Wollaston and Corbyn the good, the bad and the ugly

Its great news that Dr Sarah Wollaston has joined the Lib Dems today. She is a person of courage and principle and is respected throughout the House of Commons. She’s the type of figure who would be a sensible interim leader of the Country which Corbyn certainly could not be.

Two pieces of news have dominated politics today. The fact that Dr Sarah Wollaston has joined the Liberal Democrats and that Jeremy Corbyn has partly come off the fence that he has been sitting on for three years and is proposing something about Brexit which might be construed as being positive.

Firstly, it is great to welcome Sarah to our Party. She is someone who I have respected since she was first elected and have come to know her well in the many sessions that I have done in the Commons on health matters. She is an authoritative voice of calm in what is a fractious and divided House. She is well respected on all sides and exercises a positive view on politics. I believe that she is a huge addition to our Party and understand that there may be more to come.

I have seen a number of members join us recently from the liberal wing of the Tory Party which is nothing more than a few feathers now! At one time there were about 30% of the Tory membership who could be regarded as moderates, centrists or liberals. Now they have either joined us or have given up. Today’s Tory Party is a far right, unthinking, incoherent group which is the mirror image of Trump and the Republican Party on the other side of the Pond.

So, what do we make of Corbyn’s offer to lead an interim government after a Vote of No Confidence? The main problem with that being that he has absolutely no chance of winning it and he knows it is just a token gesture. To win he would need to get the following to support it:

  • Lib Dems
  • Green
  • SNP
  • PC
  • Independent Group
  • Independent MPs
  • Tory Remainers

The Independent Group, Former Labour MPs sitting as independents and potential Tory waverers have all made clear within minutes that they would not support a No Confidence Vote which would lead even to the possibility of a Corbyn premiership. But Corbyn knew that already so he knows that what he has put forward is an empty gesture.

When Jo Swinson tried to move a VONC on the last day of the House sitting before the Summer recess she was careful to take both herself and the Lib Dems out of the short-term leadership equation. She proposed that someone who commanded goodwill from all sides of the House should be asked to be the caretaker PM. She suggested people like Hillary Benn who is the Chair of the Select Committee.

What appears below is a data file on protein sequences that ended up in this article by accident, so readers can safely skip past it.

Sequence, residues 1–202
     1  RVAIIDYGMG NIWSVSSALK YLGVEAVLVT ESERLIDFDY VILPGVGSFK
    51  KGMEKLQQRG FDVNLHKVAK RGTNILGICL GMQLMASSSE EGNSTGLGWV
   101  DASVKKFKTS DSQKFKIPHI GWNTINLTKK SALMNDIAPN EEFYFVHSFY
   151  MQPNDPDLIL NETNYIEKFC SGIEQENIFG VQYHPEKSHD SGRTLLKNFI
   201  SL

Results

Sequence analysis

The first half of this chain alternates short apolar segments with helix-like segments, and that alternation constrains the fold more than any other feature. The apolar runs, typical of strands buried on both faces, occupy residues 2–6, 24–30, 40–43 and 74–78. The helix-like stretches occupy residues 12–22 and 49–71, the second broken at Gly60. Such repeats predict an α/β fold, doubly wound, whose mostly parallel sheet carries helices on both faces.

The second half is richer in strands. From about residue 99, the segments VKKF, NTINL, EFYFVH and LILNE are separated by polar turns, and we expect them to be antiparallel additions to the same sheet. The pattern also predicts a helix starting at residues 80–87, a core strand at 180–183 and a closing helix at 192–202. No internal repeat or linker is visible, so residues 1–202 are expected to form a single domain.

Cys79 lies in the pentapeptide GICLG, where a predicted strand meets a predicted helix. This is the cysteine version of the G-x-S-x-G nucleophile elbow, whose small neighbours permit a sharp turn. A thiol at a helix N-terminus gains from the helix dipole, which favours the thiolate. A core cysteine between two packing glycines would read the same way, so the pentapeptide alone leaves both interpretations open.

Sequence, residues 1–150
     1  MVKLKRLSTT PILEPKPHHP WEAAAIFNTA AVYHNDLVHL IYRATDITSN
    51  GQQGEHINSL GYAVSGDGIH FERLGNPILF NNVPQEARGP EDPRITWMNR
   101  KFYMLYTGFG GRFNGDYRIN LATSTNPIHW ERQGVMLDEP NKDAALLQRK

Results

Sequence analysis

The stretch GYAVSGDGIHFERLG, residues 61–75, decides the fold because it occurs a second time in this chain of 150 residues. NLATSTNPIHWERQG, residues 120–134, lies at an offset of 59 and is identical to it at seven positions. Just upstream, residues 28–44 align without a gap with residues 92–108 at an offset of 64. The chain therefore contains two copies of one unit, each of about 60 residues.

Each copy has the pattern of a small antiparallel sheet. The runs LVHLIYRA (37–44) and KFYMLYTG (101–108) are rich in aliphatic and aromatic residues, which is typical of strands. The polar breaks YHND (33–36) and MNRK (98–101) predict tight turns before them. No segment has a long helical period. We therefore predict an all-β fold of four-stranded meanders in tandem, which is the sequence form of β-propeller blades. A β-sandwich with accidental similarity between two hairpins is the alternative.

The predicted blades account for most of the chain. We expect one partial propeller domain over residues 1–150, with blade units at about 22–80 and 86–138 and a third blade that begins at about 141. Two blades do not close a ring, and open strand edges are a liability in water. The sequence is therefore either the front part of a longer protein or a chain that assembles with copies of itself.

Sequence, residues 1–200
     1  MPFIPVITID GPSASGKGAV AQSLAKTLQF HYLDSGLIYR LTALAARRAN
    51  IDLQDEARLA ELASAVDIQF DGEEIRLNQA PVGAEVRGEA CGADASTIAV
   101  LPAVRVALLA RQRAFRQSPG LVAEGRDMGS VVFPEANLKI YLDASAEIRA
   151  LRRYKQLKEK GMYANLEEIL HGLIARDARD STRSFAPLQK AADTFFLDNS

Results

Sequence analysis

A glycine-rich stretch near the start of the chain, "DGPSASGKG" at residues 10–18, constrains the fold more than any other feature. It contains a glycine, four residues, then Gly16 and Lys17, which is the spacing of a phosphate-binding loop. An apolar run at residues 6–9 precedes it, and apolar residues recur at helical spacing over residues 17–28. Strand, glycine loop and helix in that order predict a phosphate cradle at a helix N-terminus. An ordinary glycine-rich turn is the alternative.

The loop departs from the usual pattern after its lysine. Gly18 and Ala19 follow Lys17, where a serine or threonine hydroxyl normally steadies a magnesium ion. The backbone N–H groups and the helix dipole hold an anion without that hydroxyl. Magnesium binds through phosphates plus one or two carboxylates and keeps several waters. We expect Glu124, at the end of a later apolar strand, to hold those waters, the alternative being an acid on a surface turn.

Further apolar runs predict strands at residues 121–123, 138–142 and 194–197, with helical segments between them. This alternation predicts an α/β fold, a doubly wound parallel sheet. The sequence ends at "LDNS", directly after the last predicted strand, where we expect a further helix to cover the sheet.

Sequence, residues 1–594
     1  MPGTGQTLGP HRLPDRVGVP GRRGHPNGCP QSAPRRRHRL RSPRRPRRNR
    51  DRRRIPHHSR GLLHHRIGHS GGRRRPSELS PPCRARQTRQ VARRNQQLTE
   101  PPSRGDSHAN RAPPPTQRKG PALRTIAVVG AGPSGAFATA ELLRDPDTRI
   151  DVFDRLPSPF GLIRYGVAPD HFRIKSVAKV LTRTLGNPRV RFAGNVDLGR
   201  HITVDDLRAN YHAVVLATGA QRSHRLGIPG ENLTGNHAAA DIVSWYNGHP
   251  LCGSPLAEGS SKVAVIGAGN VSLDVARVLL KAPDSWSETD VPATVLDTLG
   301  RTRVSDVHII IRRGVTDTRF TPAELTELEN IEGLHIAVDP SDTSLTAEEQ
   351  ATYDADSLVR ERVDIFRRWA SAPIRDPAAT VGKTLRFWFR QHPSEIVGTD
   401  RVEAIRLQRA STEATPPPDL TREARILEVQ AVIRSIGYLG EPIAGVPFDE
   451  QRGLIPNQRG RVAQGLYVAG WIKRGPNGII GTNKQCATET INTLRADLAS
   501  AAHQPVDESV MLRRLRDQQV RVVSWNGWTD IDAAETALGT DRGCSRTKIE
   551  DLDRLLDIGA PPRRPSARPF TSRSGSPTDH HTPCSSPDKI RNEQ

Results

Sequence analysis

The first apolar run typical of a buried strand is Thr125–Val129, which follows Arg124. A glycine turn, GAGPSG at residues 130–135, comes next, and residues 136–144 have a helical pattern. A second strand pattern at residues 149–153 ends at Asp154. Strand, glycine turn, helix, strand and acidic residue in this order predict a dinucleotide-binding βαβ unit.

Today Jo Swinson has confirmed that both Ken Clarke and Harriet Harman have indicated that they have no long-term aspirations for power but would be prepared to step in for the very short term. The indications are that a VONC to potentially put those people into power would be successful. That is the reality of the hopelessly split and dysfunctional House of Commons and the hopelessly split and dysfunctional body politic in the UK today.

So, it looks as though Corbyn has damaged irrevocably or at least in the short-term the possibility of getting VONC through so what else can be done?

In the short term there does appear to be enough support to block a no-deal BREXIT and once again push back the date for leaving the EU from 31st October. That would mean that a General Election could be held anyway which would have the same effect as a VONC. That would mean that all the Parties could put forward their views on BREXIT in the course of a General election. The winners would then indeed have a mandate to proceed.

The Lib Dems, Greens, PC and SNP have no problem with defining their policy. They will argue for a People’s Vote and then in that vote campaign to stay in the EU on a binding referendum. The question in that would be do you want Mrs May’s deal, which is the only one on the table, or Remain.

The problem then lies with Labour. At present it is abundantly clear that the membership of the Labour Party is overwhelmingly Remain but that Jeremy Corbyn and his cult are overwhelmingly Leave. They have already put forward proposals for a jobs led Brexit which the EU have made clear is as much a fantasy as that of PM Johnson.

The electorate can decide for themselves whether they want a Leave party and how severe; or a Remain Party and how committed. That is true democracy.

Corbyn’s suggestion is just a fudge and he knows it. One way or another the choice must be made by the people. The Labour Party will have to make up its mind on getting off the fence or not because the way that they deluded large swathes of the electorate into believing that they are a Remain Party simply will not wash for a second time.

About richardkemp

Leader of the Liberal Democrats in Liverpool. Deputy Chair and Lib Dem Spokesperson on the LGA Community Wellbeing Board. Married to the lovely Cllr Erica Kemp CBE with three children and four grandchildren.
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1 Response to Wollaston and Corbyn the good, the bad and the ugly

  1. nigel hunter says:

    Having a look on twitter a lot are looking forward to his plans. To them he is a saviour sorting the Brexit mess out. We are the bad guys. Some other parties are interested in what he is saying desperate for a way out. If he gets his way will he go for a GE with his own Brexit deal or call an election which he hopes to win cos he came forward to solve the problem. We will be the bad guys and he gets the seats that we could have . He is still interested in himself getting to be PM.

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